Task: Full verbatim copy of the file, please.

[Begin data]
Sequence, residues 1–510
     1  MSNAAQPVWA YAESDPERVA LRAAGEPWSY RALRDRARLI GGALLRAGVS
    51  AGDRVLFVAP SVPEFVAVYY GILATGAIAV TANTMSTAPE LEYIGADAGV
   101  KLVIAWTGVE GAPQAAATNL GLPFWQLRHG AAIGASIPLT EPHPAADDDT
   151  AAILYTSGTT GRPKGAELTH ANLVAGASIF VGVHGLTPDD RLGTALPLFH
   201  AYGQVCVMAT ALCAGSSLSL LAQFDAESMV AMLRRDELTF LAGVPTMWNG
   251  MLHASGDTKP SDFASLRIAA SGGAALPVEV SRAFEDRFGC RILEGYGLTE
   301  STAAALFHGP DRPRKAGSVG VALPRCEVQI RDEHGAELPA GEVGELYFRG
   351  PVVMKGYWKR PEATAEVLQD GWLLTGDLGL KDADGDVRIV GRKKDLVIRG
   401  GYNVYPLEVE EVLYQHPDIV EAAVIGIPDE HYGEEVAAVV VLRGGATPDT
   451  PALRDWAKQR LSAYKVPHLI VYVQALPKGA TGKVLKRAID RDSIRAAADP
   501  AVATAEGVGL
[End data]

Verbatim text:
Sequence, residues 1–510
     1  MSNAAQPVWA YAESDPERVA LRAAGEPWSY RALRDRARLI GGALLRAGVS
    51  AGDRVLFVAP SVPEFVAVYY GILATGAIAV TANTMSTAPE LEYIGADAGV
   101  KLVIAWTGVE GAPQAAATNL GLPFWQLRHG AAIGASIPLT EPHPAADDDT
   151  AAILYTSGTT GRPKGAELTH ANLVAGASIF VGVHGLTPDD RLGTALPLFH
   201  AYGQVCVMAT ALCAGSSLSL LAQFDAESMV AMLRRDELTF LAGVPTMWNG
   251  MLHASGDTKP SDFASLRIAA SGGAALPVEV SRAFEDRFGC RILEGYGLTE
   301  STAAALFHGP DRPRKAGSVG VALPRCEVQI RDEHGAELPA GEVGELYFRG
   351  PVVMKGYWKR PEATAEVLQD GWLLTGDLGL KDADGDVRIV GRKKDLVIRG
   401  GYNVYPLEVE EVLYQHPDIV EAAVIGIPDE HYGEEVAAVV VLRGGATPDT
   451  PALRDWAKQR LSAYKVPHLI VYVQALPKGA TGKVLKRAID RDSIRAAADP
   501  AVATAEGVGL